Reading Test 3 Part C Text 1

Digital Therapeutics

Ann Meyer has had diabetes for twenty-two years, but it was only last year that her GP prescribed a treatment that changed her life. It has allowed her to bring her blood-sugar levels under control and lose weight. Yet this miracle of modern science is not a new type of medication. It is a smartphone app called BlueStar. ‘Can an app replace a pill?’ is the big question behind an emerging trend known as ‘digital therapeutics.’ The idea: software that can improve a person’s health as much as a drug can, but without the same costs and side- effects, something that medical professionals everywhere will be interested in.

Developing digital therapeutics, or ‘digiceuticals,’ as some call them, has become the ultimate quest in some quarters of Silicon Valley, where investors see the chance to deliver medicine through smartphones. One investment firm, Andreessen Horowitz, even predicts that digital drugs will become the third phase of medicine, meaning the successor to the chemical and protein drugs we currently prescribe, but without the billion-dollar cost of bringing one to market. ‘It’s going to seem like going backwards and even barbaric that our solution to everything was just giving out pills,’ partner Vijay Pande wrote on the company’s blog.

But defining exactly what a digital therapeutic actually is can be tricky. ‘It’s still a fluid space that everyone is trying to categorize,’ says Peter Hames, the British CEO of a start-up called Big Health, which offers an online therapy program for insomnia suffers called that, it claims, can replace ‘pills or potions’ with visualization exercises. Hames personally believes that digital therapies fall into two groups, which he calls ‘medication augmentation’ and ‘medication replacement.’ He says is in the latter category because it actually makes sleeping pills unnecessary. ‘We’ve been able to show through multiple peer-reviewed studies that the outcomes are better than drugs,’ he says.

Digital therapeutics providers are careful to distance themselves from the rest of the digital health market of ‘wellness’ gadgets such as activity monitors and sleep trackers. Consequently, they have striven to mimic the drug industry’s practices and standards, including carrying out clinical tests and sometimes seeking regulatory approvals. Welldoc, the makers of BlueStar, describe it as the ‘first FDA-cleared mobile prescription therapy’ (although digital therapeutics don’t usually need approval by the U.S. Food and Drug Administration, since they often promote lifestyle or dietary changes that are deemed to be low-risk). And Big Health successfully opted to test a placebo version of its insomnia app against the real thing. The digital treatment ‘absolutely spanked the placebo,’ says Hames.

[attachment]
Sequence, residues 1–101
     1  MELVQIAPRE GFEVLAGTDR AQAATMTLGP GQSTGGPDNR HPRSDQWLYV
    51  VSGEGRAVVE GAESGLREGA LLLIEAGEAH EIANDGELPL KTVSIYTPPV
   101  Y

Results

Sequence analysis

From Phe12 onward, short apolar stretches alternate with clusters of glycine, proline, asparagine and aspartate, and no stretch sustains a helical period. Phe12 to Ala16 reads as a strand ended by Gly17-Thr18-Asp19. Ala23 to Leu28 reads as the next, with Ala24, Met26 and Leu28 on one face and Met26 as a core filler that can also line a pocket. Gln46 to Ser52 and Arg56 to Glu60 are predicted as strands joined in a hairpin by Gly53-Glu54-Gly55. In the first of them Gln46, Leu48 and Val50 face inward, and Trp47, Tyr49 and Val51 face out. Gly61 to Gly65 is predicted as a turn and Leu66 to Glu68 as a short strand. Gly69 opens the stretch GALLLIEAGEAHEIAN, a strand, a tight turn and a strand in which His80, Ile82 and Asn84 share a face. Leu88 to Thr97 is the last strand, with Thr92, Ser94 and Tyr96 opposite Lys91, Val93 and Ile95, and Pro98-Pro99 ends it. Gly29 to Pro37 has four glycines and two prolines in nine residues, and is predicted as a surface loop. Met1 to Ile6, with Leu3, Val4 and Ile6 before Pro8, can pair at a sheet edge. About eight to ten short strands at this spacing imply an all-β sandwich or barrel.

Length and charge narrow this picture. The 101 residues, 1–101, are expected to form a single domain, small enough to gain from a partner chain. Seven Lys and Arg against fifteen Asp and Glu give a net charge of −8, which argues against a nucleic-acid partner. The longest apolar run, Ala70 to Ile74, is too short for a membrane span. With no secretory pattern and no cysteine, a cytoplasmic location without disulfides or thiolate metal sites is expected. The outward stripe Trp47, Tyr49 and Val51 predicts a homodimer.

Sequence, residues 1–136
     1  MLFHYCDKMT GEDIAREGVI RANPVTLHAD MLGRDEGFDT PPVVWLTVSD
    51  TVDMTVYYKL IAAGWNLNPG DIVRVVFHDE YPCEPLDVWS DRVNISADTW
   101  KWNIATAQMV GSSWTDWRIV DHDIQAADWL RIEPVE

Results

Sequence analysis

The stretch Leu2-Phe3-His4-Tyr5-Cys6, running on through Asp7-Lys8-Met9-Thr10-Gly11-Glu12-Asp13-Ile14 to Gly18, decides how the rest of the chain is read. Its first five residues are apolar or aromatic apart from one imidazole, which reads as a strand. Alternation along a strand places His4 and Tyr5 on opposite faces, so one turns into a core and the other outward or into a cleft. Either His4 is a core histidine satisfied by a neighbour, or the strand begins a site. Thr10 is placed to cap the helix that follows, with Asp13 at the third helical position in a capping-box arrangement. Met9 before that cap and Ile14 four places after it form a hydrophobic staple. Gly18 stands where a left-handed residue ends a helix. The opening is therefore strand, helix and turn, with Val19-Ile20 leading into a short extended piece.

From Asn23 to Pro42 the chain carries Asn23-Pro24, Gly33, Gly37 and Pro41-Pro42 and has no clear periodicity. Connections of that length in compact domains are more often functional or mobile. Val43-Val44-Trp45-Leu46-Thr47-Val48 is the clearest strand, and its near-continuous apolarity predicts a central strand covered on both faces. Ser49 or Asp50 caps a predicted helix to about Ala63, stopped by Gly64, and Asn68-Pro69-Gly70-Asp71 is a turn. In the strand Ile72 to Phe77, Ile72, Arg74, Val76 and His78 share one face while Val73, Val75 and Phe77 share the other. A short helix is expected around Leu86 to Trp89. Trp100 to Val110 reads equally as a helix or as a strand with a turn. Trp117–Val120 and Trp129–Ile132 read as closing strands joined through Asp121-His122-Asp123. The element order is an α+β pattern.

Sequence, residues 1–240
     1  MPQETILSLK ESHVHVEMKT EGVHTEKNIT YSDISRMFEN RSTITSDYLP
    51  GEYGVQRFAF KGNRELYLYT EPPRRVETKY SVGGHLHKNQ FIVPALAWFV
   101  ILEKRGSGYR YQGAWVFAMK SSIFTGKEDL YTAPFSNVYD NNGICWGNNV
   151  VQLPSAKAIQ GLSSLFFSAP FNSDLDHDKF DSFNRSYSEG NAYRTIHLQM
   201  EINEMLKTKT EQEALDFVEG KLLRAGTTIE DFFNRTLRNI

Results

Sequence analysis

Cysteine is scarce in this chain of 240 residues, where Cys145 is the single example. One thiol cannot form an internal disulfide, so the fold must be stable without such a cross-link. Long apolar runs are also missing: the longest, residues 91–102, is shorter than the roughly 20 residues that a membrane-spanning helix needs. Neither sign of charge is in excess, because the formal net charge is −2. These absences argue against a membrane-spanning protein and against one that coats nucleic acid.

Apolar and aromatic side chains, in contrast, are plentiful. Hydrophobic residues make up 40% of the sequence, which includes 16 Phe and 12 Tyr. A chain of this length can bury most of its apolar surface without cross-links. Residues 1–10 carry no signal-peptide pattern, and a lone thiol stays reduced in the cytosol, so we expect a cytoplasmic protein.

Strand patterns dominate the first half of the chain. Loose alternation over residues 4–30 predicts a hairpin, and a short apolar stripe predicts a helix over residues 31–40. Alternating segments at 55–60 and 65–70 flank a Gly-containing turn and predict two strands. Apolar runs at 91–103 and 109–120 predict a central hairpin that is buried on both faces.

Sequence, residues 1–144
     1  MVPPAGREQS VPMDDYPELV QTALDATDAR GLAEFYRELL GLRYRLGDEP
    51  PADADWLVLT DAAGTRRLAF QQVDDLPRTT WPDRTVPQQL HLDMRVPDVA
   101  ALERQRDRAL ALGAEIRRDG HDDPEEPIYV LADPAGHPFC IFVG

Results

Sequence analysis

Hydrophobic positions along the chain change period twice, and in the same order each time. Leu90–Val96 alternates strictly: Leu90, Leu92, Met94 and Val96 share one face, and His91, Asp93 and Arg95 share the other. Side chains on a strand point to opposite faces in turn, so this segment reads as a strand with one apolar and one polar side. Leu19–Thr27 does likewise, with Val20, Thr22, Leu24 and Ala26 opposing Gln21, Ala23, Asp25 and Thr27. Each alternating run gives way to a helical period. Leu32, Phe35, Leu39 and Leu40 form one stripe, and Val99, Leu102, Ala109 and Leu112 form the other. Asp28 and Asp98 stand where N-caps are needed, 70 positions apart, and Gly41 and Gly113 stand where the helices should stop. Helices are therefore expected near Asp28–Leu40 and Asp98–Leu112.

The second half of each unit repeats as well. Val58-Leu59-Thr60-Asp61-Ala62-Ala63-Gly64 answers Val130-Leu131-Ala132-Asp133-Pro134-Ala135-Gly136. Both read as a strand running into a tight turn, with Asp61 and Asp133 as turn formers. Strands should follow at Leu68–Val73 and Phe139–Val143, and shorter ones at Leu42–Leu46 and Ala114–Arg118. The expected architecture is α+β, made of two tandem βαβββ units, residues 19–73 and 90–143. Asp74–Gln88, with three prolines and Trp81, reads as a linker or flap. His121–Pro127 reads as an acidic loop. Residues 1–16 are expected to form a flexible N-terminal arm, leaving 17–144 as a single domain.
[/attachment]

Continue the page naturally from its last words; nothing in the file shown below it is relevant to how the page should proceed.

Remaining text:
Whether a digital therapeutic involves a tracking sensor or coaching through an app, the acid test is whether they provide a distinct, measurable medical benefit to patients, and so can be recommended by the medical profession. One that does is Virta Health, based in San Francisco. Its goal is to actually ‘reverse’ diabetes without drugs or surgery using online coaching to get people on a special diet high in fats and low on carbs. It has a study by Indiana State University to back up the claim—about half of the 262 people with type 2 diabetes enrolled in a ten-week trial were able to reduce their blood glucose levels to non- diabetic ranges.

Steve Kraus, an investor, says he thinks digital therapeutics will be a ‘real thing’, but he says it’s not clear how many people will succeed with lifestyle intervention in the long run. Instead, he says, digital therapeutics used ‘in combination’ with drugs, to make them work better, could be the idea’s sweet spot.’ Perhaps with that in mind, some digital companies are already allying with pharmaceutical makers. One, Propeller Health, worked with a major pharmaceutical company on what it calls a ‘digitally guided therapy’ platform, combining asthma medication with sensors that patients attach to their inhalers to monitor when they’re used. Patients getting feedback from Propeller’s app end up using the medication less.

Hames believes that someday digital therapeutics companies may even outstrip drug companies when it comes to evidence. ‘We’re digital, so we’re going to have a firehose of data,’ he says. Pharmaceutical companies don’t always track the real-world results of their pills once clinical trials are done. But digital therapeutics companies could easily keep on getting data. ‘It’s not in the drug company’s interest because they have already sold the drug,’ he says. ‘But, the insurance companies will say to us, ‘You have the data, so why don’t you just tell us?’’

Some drug company executives remain skeptical, however. Robert Plenge, vice president at Merck’s research labs, even had to look up ‘digital therapeutics’ when asked whether they were important. Plenge doesn’t think the idea would have much impact on drug development and questioned whether digital companies will ever be able to provide the value for money that conventional medicines do. But as some digital therapies are already much cheaper than drug-based equivalents – about $33 a month, to use Big Health insomnia software compared to $73 for six tablets for the sleeping pill Ambien – cost may be what tips the scales in favour of digital.